Maybe you get some support on content creation or on ads, but you are driving the strategy and you are leading the program. This leads to it being more tightly aligned with your business goals, it’s more resource efficient, and it’s also more responsive to the market and what’s happening.
You know the most about your brand, and that makes you the best equipped to creating a social strategy.
Outsourcing social media, while it was very helpful, it might not make it easier because there is so much communication that has to happen to keep them in the loop of what is going on. You can’t be as reactive to things that are happening in the world.
You, as a brand director, a marketing director or a founder, are by far the most qualified people to be creating a content strategy. You just need to understand the process and how it fits in with what you already know about brand marketing rather than investing in getting someone else up to speed on all the institutional knowledge you have about your brand.
The three simple steps you need to grow your brand with social media marketing
These drove 200% eComm growth for a family owned jewelry brand, and 150% eComm growth for a swimwear brand.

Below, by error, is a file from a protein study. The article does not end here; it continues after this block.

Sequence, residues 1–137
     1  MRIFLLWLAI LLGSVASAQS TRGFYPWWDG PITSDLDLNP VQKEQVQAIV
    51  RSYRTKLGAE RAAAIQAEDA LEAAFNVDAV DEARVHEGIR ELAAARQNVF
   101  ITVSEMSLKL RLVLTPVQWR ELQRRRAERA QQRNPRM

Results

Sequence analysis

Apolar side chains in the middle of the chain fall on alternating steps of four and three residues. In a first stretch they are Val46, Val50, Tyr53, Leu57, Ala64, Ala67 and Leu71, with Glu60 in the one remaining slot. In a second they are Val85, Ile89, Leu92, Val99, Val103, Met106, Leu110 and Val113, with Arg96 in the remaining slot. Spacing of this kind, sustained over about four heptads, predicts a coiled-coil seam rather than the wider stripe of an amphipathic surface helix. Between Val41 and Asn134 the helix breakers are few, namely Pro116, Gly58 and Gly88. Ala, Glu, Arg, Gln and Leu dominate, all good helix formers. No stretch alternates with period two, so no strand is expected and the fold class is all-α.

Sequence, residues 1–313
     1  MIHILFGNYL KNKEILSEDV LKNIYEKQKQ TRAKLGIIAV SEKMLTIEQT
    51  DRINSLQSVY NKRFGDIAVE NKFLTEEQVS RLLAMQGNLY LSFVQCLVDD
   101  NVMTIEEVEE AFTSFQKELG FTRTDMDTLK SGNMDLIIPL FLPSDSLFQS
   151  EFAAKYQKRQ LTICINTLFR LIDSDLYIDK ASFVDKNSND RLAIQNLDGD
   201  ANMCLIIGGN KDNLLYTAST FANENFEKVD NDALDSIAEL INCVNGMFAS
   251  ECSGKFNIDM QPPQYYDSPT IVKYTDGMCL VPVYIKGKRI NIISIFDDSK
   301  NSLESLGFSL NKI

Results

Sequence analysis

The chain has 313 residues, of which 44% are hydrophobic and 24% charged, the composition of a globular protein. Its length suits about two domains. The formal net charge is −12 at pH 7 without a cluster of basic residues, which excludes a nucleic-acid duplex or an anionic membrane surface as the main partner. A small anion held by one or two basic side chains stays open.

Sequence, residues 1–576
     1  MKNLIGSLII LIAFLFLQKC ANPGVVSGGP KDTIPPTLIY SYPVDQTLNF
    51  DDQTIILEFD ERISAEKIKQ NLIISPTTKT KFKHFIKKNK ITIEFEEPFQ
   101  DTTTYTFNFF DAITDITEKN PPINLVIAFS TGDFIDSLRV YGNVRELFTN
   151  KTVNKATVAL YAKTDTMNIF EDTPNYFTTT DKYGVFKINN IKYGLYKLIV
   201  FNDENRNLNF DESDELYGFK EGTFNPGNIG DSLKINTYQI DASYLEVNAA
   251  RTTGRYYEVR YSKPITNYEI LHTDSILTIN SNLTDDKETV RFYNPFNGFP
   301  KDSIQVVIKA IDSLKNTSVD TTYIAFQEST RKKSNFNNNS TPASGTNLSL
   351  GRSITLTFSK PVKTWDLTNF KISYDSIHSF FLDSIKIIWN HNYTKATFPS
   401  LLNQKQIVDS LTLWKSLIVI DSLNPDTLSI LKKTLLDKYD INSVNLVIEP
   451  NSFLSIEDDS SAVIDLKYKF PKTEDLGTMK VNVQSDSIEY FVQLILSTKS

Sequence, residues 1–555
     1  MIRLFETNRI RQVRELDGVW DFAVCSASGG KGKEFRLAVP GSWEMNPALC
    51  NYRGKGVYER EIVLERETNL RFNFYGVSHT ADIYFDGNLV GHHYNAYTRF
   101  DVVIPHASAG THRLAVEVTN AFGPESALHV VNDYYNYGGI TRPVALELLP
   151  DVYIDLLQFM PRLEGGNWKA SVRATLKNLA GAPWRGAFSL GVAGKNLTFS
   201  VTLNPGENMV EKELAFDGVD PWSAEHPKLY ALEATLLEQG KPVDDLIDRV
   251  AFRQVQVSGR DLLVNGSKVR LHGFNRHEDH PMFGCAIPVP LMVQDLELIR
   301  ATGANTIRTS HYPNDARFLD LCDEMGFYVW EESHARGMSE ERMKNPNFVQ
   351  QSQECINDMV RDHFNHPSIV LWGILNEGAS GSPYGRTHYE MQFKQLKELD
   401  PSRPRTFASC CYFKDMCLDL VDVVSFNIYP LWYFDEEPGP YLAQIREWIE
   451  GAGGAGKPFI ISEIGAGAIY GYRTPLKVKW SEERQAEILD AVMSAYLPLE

Step 1: Strategically developing a strong content strategy for social media
Everyone is sick and tired of hearing you need to know your customer. But there is a reason why every marketer and strategist says it.
- Who are we talking to?
- What are we saying?
- What does that look like, feel like and sound like?
You need to know your customer on a different level altogether to actually socialize with them and in a way that is meaningful.
This is the first phase of bridging the gap between a really strong brand strategy and what actually is going to happen in your digital ecosystem every single day.
Step 2: Get the right message in the right place at the right time for ultimate resource efficiency
The second phase is tactical. Right now everybody’s favorite tactic is Reels. But if you don’t know who you’re speaking to and how your specific human really wants to consume Reels, then you might not be reaching them in the way that they want to be reached. Depending on the real nuances of your target market, they might not want to see lip synching videos or talking head tips.
Quality over quantity
People who produce a trending Reel get a ton of exposure and new followers, but none of those followers are people that actually want what they sell, so they’re worth nothing. All it does is bring your engagement down because now when you post about all that other stuff that person doesn’t give a shit about because they only follow you because of that trending Reel.
That’s why we do the strategic part before the tactical part.
When we’re looking at all kinds of tactics, whether it’s Reels, or a specific targeting strategy within the customer journey, it’s important to match your strategy to the message you’re sharing. Make sure you’re tapping partnerships with other people and other brands as well.
Step 3: Having the right measurement model for ultimate optimization